All the above relates to complex truth, or the truth of propositions. This is divided into many varieties, among which may be mentioned ethical truth, or the conformity of an assertion to the speaker’s or writer’s belief, otherwise called veracity, and logical truth, that is, the concordance of a proposition with reality, in such way as is above defined.
(2) The word truth has also had great importance in philosophy in widely different senses, in which it is distinguished as simple truth, which is that truth which inheres in other subjects than propositions.
Plato in the Cratylus (385B) maintains that words have truth; and some of the scholastics admitted that an incomplex sign, such as a picture, may have truth.
But truth is also used in senses in which it is not an affection of a sign, but of things as things. Such truth is called transcendental truth. The scholastic maxim was Ens est unum, verum, bonum. Among the senses in which transcendental truth was spoken of was that in which it was said that all science has for its object the investigation of truth, that is to say, of the real characters of things. It was, in other senses, regarded as a subject of metaphysics exclusively. It is sometimes defined so as to be indistinguishable from reality, or real existence. Another common definition is that truth is the conformity, or conformability, of things to reason. Another definition is that truth is the conformity of things to their essential principles.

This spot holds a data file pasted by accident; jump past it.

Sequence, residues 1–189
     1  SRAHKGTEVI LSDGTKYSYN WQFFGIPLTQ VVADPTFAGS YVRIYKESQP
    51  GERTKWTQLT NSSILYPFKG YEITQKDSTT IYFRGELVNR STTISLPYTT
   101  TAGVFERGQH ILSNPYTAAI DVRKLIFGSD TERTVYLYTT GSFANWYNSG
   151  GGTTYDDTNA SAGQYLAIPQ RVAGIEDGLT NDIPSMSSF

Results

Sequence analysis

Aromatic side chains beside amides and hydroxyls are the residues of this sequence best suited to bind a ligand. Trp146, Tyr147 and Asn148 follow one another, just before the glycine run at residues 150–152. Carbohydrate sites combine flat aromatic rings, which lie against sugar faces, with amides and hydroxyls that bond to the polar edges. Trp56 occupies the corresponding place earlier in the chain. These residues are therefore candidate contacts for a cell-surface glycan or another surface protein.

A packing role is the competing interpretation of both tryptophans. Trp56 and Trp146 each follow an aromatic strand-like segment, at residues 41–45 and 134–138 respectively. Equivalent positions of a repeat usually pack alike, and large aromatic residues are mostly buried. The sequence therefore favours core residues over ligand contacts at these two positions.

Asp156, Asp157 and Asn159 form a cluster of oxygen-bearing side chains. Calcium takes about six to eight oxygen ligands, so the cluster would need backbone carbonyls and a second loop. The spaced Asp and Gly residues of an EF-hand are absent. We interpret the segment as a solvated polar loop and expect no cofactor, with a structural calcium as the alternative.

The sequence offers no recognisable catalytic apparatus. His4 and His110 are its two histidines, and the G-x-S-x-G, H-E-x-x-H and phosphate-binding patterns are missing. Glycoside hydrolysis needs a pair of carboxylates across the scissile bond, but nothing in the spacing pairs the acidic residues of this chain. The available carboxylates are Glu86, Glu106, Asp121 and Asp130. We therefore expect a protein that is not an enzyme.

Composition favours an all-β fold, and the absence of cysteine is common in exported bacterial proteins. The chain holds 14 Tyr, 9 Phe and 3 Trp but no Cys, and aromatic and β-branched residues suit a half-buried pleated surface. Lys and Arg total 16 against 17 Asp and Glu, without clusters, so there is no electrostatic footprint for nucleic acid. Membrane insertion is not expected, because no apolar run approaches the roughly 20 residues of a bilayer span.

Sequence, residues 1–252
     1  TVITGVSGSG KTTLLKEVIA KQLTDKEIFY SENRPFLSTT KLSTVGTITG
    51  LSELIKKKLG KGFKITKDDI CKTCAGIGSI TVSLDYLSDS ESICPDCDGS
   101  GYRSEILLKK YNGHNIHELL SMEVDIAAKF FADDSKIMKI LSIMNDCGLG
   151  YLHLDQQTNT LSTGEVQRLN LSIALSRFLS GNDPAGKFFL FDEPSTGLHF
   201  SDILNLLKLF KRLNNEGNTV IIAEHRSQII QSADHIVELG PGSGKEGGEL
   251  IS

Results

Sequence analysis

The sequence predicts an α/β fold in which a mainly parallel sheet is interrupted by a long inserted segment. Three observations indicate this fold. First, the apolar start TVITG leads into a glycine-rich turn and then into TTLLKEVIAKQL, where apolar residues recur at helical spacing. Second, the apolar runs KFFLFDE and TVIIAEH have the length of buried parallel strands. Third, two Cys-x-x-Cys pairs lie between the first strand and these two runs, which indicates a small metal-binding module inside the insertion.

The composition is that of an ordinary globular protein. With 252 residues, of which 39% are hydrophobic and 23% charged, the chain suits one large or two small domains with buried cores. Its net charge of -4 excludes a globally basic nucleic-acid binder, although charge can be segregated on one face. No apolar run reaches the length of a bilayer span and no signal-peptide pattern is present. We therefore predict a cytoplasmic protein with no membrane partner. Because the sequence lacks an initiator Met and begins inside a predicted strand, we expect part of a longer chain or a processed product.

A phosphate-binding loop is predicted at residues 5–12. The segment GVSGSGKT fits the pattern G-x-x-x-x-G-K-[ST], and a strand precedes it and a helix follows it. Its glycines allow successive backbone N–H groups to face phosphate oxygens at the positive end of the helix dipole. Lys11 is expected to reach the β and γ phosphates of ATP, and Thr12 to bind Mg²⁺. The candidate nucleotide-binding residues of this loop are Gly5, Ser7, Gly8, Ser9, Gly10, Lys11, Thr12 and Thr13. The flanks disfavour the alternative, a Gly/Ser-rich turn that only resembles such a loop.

(3) Truth is also used in logic in a sense in which it inheres only in subjects more complex than propositions. Such is formal truth, which belongs to an argumentation which conforms to logical laws.